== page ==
Most of us would not think twice when adding whipped cream, or crème Chantilly as it is known in France, to our desserts.
But several recent freak accidents have shown that the canisters that dispense the cream, and in particular the siphon at the top of the device, could in fact be hazardous.
The issue was given publicity again this weekend when a woman suffered an injury to her arm while using a canister in birthday preparations. “If it had hit my head, I would have been killed,” she said.
And in June, 33 year old fitness blogger Rebecca Burger was killed at her home in Mulhouse after a canister exploded, hitting her on the chest and causing a heart attack. The woman’s family has said they will be taking legal action against the manufacturer.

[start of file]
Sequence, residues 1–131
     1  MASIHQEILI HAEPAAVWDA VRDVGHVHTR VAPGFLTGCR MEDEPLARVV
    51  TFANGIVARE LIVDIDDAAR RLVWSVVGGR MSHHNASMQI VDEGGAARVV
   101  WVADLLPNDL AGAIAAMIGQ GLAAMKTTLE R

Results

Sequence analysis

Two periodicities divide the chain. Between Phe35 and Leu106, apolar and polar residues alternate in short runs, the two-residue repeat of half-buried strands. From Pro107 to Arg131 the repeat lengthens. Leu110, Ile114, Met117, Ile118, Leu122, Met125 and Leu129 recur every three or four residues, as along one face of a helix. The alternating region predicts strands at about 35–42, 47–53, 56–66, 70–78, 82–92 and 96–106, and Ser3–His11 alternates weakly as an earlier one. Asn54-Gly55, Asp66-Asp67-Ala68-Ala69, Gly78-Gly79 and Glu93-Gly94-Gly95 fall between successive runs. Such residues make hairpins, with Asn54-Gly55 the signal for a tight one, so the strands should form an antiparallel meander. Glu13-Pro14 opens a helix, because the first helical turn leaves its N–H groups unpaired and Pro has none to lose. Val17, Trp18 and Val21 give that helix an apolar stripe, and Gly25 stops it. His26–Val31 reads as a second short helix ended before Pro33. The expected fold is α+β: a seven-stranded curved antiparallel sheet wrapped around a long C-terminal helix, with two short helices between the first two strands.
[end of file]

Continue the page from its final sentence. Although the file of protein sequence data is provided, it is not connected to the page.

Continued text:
The issue was raised in 2010, when a wave of low-cost canisters hit the market, produced by manufacturers who were not adhering to French safety regulations.
Since then there have been ‘numerous’ such accidents, according to The Direction générale de la concurrence, de la consommation et de la répression des fraudes (DGCCRF). The government body issued a warning to manufacturers and had to recall 200,000 faulty siphons to prevent harm.
Various types of durable dispenser are now available, but many people forget to replace the parts as they wear out, and do not have enough available information about their consumer rights. The Hamon Law was put in place in 2014, and makes it easier for consumers to take legal action against companies.
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